Friendship Groups

If your child’s choice of secondary school was left entirely to them, they would almost always choose  the school where their friends were going. However, there are things parents need to consider about friendship groups, before they decide which school is right for their child.MP900262807friends

  • If your child has friends at primary school who you feel are a negative influence, secondary transfer is a good opportunity for separating them. However, if your child has a tendency to always gravitate towards ‘the naughty children’ there will always be different ‘naughty children’ for them to hang out with in a new environment.
  • Don’t assume that just because a secondary school is the one that all the other parents from your primary school choose, that it is the right one for your child. Sometimes, these traditions are founded on something as unreliable as a school’s reputation, which is often out of date, or simply upon geographical convenience.
  • It is not a good idea to send your child to a particular secondary school simply so they can be with their friends. Many close friendships from primary school do not endure long into secondary school. There are too many new people and influences, and the children are going through too many changes for some friendships to be sustainable.
  • However, if you are worried about your child’s ability to make new friends, you might want to consider sending them to a school which the parents of well established friends are considering too. However, it is important to remember that your child or their friend might not gain a place in their first choice school. Even if they do, with the temptation of new peers, there is no guarantee that their friendship will last.
  • It is worth pointing out that a good school will not allow students to sit in friendship groups in class that may jeopardise children’s ability to learn. In a successful school, your child should not expect to sit with their friends in class or even share the same lessons.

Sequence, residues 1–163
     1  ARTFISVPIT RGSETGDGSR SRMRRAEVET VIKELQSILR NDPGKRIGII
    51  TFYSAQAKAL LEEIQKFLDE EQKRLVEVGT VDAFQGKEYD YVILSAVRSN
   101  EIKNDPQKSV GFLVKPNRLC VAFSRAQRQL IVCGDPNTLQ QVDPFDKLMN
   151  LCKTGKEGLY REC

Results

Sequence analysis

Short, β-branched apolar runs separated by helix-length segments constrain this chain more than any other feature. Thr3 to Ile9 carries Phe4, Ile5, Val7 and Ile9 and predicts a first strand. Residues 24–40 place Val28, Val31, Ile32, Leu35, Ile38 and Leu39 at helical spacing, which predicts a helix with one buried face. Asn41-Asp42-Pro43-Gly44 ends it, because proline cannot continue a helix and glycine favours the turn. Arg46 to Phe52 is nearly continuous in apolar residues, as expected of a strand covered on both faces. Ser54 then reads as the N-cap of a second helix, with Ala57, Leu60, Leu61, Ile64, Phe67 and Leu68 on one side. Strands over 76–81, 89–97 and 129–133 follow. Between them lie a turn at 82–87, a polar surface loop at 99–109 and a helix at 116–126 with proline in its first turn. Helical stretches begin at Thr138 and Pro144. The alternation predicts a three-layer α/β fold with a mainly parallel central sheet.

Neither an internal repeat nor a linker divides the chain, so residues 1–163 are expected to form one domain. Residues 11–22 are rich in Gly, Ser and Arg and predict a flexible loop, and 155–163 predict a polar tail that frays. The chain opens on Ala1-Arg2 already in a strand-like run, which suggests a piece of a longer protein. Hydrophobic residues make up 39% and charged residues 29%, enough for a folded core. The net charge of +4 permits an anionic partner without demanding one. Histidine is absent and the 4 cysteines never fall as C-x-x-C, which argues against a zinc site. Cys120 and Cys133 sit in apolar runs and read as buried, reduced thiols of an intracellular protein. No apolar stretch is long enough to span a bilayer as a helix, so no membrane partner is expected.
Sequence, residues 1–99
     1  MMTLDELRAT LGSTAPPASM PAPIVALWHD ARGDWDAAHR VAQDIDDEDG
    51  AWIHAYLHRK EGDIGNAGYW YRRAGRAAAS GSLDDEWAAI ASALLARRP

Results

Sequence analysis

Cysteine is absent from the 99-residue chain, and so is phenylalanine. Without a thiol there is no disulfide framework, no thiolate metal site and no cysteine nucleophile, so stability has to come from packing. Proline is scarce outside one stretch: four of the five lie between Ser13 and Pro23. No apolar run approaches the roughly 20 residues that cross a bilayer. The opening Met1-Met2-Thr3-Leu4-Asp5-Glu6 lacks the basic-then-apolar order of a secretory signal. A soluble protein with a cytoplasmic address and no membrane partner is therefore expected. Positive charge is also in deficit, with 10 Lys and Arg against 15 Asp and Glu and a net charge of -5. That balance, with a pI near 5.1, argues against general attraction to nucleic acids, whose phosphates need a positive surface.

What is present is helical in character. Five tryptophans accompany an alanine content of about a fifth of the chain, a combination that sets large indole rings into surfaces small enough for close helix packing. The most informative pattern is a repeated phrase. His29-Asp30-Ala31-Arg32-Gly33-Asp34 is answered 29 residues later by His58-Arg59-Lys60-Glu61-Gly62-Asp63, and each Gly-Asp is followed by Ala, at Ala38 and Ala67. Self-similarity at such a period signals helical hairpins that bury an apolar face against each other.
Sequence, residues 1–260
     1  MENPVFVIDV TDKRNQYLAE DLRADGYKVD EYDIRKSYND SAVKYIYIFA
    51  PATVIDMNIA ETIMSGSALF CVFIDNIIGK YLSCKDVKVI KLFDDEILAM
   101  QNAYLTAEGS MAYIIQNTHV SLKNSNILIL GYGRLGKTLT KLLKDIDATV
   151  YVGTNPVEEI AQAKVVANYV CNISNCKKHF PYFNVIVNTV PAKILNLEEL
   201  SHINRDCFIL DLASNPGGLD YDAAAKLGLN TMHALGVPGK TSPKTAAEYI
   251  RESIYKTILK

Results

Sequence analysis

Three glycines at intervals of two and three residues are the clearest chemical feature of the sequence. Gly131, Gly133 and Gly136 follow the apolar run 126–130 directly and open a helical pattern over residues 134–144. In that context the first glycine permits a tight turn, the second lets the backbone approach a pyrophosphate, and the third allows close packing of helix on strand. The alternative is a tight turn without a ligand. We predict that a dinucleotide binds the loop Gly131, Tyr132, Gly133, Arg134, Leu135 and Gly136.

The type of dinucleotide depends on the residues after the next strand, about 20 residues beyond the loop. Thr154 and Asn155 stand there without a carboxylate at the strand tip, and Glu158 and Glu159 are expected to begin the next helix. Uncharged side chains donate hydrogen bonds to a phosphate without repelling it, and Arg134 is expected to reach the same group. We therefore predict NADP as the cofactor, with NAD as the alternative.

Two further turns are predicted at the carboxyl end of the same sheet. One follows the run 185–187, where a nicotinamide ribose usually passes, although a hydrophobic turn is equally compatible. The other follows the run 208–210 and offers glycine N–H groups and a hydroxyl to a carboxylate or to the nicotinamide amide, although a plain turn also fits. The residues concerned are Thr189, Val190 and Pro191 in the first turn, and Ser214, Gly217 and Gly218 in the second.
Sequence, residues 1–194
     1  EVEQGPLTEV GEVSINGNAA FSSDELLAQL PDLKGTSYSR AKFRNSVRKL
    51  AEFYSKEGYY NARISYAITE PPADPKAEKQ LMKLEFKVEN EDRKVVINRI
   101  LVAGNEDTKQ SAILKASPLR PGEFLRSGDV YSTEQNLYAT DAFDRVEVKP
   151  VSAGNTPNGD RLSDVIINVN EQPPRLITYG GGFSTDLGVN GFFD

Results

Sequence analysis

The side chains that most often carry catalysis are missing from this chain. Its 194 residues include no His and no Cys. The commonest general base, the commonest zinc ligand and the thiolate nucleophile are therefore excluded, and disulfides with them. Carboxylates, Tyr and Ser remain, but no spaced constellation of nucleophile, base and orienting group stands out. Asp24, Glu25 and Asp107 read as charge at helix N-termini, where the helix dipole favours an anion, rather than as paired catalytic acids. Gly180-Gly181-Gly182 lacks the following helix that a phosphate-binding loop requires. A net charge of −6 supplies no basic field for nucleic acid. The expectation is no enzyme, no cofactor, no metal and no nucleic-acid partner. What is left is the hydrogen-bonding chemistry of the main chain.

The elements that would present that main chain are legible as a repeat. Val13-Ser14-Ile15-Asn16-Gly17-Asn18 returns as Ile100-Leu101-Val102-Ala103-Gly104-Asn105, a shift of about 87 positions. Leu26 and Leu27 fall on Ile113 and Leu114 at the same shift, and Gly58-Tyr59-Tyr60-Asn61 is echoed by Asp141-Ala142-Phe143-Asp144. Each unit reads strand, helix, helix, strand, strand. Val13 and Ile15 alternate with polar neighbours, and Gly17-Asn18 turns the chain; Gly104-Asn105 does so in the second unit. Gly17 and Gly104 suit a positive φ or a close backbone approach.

• Schools should consult you and your child about friends coming up with them from primary school, when they are forming tutor groups. They should take into consideration requests a parents might have for combinations of students to be separated.
  • A good school will have a tutor group system, where a strong sense of group identity is established, so that your child will feel part of a community quickly,even if they have few peers from their primary school.
  • If you are thinking of sending your child to a secondary school where few of her primary school friends are likely to attend, find out about the school’s intake. If it is a school which has many feeder schools, then there should be no problem about your child settling in. If it is a school that takes from just a few feeder schools and your primary school is not one of them, then it might be more difficult for your child to integrate. However, I have often found in this situation, that the other children find new faces interesting, and a child from a different feeder school can get a lot of positive attention.

Further Information

LEA

If you are considering applying to schools because of friendship groups, make sure you are aware of the LEA’s admissions procedures, so you know what the likelihood is of your child and their friends attaining places at the same school.

Open Evening

Find out how tutor groups are made up, and whether parents are consulted. Find out what the school’s transition and induction processes are. Ask about the primary feeder schools.

Case Study

Summary




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